An escape aerial tramway is a special form of the aerial tramway that allows a fast escape from a dangerous location. They are used on rocket launching sites in order to offer the launch staff or astronauts a fast retreat. The tramway consists of a rope which runs from the launch tower downward to a protection shelter. On the launch supply tower several small cabs can be occupied by the launch staff or the astronauts. After loosening a barrier these roll downward to the protection shelter. An escape aerial tramway exists on the launch pads 39A and 39B on Cape Canaveral.
Some aerial tramways have their own propulsion, such as the Lasso Mule or the Josef Mountain Aerial Tramway near Merano.
TelpherageThe original version was called telpherage, and was invented by Scottish engineer Fleeming Jenkin. Smaller telpherage systems are sometimes used to transport objects such as tools or mail within a building or factory.
The telpherage concept was first publicised in 1883 and several experimental lines were constructed. It was not designed to compete with railways, but with horses and carts.
The first commercial telpherage line was in Glynde, which is in Sussex, England. It was built to connect a newly-opened clay pit to the local railway station and opened in 1885.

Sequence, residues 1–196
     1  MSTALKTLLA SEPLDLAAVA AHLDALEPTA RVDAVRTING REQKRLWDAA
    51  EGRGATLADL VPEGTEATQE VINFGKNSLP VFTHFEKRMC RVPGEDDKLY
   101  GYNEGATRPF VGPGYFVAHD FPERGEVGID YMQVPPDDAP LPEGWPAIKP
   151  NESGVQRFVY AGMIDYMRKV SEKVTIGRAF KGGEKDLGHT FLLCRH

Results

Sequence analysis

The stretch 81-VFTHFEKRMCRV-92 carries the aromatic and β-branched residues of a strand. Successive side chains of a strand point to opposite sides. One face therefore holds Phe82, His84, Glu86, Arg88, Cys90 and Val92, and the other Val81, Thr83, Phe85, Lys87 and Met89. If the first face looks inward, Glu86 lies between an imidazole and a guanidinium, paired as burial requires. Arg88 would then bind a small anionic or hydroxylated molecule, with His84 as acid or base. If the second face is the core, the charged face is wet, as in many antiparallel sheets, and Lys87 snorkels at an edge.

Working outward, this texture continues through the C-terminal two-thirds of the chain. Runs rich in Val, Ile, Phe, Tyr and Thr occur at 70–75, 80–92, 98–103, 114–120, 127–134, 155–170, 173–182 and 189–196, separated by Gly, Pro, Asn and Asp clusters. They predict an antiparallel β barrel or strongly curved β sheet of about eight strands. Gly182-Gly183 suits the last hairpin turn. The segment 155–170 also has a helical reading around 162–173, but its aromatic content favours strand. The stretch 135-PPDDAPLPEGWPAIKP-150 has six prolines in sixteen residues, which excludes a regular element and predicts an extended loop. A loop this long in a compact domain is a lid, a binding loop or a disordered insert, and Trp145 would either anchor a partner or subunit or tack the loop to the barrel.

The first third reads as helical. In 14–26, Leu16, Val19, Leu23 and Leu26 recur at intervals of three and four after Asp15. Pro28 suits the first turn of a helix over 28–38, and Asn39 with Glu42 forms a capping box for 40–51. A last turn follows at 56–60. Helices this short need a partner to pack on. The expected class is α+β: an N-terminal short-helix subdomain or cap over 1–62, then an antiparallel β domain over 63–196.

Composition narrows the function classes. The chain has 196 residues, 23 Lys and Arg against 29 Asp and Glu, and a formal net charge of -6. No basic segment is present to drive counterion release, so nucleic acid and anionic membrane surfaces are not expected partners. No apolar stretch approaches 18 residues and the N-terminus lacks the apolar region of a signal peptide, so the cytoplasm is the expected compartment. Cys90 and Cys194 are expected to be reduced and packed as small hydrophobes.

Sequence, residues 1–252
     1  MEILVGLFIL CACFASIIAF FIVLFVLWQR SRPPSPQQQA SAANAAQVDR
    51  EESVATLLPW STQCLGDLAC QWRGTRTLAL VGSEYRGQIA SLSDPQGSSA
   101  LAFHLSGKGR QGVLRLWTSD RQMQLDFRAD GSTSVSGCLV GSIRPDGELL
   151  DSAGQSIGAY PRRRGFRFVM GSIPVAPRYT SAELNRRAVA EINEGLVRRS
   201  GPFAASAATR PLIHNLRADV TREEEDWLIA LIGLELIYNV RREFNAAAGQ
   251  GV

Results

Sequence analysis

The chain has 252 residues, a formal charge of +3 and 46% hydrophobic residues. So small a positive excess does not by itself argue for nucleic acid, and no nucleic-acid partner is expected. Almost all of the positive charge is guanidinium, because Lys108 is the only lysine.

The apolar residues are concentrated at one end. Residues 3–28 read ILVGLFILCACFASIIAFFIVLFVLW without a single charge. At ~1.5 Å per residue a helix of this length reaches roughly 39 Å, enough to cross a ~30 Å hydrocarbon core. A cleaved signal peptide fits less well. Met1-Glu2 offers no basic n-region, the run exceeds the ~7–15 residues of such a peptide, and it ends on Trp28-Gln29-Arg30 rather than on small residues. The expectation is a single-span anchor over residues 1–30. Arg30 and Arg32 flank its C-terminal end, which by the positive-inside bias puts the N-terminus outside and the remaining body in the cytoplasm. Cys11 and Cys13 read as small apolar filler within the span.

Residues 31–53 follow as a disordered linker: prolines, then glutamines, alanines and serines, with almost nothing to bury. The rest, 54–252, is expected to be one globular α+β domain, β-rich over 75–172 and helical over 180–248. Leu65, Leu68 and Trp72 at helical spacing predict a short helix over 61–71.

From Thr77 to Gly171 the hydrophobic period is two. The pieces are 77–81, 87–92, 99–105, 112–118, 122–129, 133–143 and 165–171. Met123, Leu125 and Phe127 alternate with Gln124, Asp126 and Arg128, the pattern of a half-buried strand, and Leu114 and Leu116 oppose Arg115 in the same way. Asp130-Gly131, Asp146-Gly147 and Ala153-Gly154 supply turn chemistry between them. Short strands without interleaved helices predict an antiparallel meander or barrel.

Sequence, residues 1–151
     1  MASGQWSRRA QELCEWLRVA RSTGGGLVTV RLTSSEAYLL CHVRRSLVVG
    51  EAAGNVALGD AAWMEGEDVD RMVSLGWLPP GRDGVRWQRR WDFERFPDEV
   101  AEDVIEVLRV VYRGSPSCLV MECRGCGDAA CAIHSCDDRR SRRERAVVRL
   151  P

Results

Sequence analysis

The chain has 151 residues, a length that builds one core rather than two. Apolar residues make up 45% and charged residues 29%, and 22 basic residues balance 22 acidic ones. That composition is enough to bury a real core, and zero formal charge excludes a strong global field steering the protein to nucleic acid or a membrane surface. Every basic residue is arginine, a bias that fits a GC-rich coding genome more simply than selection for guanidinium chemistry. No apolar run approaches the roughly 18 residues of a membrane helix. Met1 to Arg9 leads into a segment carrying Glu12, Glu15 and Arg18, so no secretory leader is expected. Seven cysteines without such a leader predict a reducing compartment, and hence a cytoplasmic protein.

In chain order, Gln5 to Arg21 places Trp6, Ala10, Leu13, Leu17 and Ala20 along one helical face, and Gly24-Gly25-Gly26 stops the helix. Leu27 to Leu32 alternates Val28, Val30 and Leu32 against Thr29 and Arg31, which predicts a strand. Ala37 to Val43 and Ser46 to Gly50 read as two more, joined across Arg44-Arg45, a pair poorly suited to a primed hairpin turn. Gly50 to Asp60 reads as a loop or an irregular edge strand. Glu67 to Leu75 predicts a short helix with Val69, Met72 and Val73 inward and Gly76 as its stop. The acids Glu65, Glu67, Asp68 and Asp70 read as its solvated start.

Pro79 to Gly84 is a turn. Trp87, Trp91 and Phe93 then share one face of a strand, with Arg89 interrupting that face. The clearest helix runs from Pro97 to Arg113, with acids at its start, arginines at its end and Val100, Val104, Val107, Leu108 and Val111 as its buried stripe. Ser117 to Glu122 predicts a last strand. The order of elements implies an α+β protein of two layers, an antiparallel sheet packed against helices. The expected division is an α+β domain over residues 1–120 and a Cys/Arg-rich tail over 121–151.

There are aerial tramways with double deck cabins. The Vanoise Express cable car carries 200 people in each cabin at a height of 380 m (1250') over the Ponturin gorge in France. The Shinhotaka Ropeway carries 121 people in each cabin at the Hotakadake in Japan.
- Tallest support tower: 113.6 metres (373 feet) (Gletscherbahn Kaprun, Austria)
- Deepest: Masada cableway, Israel
- Highest: Mérida cable car, Venezuela
- Longest ropeway: Norsjö aerial ropeway, Sweden
- As mass transit: The Roosevelt Island Tramway in New York City was the first aerial tramway in North America used by commuters as a mode of mass transit (See Transportation in New York City). Passengers pay with the same farecard used for the New York City Subway. The Portland Aerial Tram in Portland, Oregon was opened in January 2007 and became the second public transportation aerial tramway in North America. In Medellin, Colombia, both the Metro and the recent Metrocable aerial tramway addition can be used while paying a single fare.
- The Sandia Peak Tramway in Albuquerque, New Mexico is the world's longest double reversible tramway.
- The Mount Roberts Tramway in Juneau, Alaska, serves visitors arriving in Juneau on cruise ships with its base terminal on the cruise ship dock. At sea level it is one of the lowest aerial tramway terminals.
- Palm Springs Aerial Tramway in Palm Springs, California has the world's largest rotating tramcars
List of accidents
- August 151960: between Castellammare di Stabia and the Monte Faito, near Naples, Italy.
- August 291961: A military plane splits the hauling cable of a cabin railway on the Aiguille du Midi in the Mont Blanc massif: six people killed.
- 1963: Cabin of the renovated PKB crashes at the valley station, one person killed, several injured.
- December 251965: Power failure on the aerial ropeway at Puy de Sancy in central France causes abrupt cabin halt, cabin wall breaks. 17 people fall, seven killed.